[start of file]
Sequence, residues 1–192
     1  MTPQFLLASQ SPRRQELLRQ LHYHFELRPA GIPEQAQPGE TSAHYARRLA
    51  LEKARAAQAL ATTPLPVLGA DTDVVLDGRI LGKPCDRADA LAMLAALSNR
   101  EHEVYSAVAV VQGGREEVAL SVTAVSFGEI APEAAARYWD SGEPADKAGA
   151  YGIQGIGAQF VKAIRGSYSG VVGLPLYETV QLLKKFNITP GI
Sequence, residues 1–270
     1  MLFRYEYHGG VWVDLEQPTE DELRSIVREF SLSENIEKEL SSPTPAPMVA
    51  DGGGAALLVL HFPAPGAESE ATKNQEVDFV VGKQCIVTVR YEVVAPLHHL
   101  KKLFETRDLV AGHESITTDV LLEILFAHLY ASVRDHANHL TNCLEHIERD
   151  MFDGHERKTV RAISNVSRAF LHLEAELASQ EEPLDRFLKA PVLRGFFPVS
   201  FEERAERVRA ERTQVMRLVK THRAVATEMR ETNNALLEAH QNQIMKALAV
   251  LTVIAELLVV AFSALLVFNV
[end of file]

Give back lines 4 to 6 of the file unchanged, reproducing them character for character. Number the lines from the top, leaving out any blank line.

   101  EHEVYSAVAV VQGGREEVAL SVTAVSFGEI APEAAARYWD SGEPADKAGA
   151  YGIQGIGAQF VKAIRGSYSG VVGLPLYETV QLLKKFNITP GI
Sequence, residues 1–270